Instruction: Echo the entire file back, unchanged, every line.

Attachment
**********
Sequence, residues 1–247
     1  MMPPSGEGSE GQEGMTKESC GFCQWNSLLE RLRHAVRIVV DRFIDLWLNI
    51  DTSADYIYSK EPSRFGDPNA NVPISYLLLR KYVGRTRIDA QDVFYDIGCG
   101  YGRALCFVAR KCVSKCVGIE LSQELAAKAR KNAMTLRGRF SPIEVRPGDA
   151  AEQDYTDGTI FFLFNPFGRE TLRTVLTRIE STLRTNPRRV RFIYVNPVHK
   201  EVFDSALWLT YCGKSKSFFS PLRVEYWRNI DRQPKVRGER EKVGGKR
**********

Sequence, residues 1–247
     1  MMPPSGEGSE GQEGMTKESC GFCQWNSLLE RLRHAVRIVV DRFIDLWLNI
    51  DTSADYIYSK EPSRFGDPNA NVPISYLLLR KYVGRTRIDA QDVFYDIGCG
   101  YGRALCFVAR KCVSKCVGIE LSQELAAKAR KNAMTLRGRF SPIEVRPGDA
   151  AEQDYTDGTI FFLFNPFGRE TLRTVLTRIE STLRTNPRRV RFIYVNPVHK
   201  EVFDSALWLT YCGKSKSFFS PLRVEYWRNI DRQPKVRGER EKVGGKR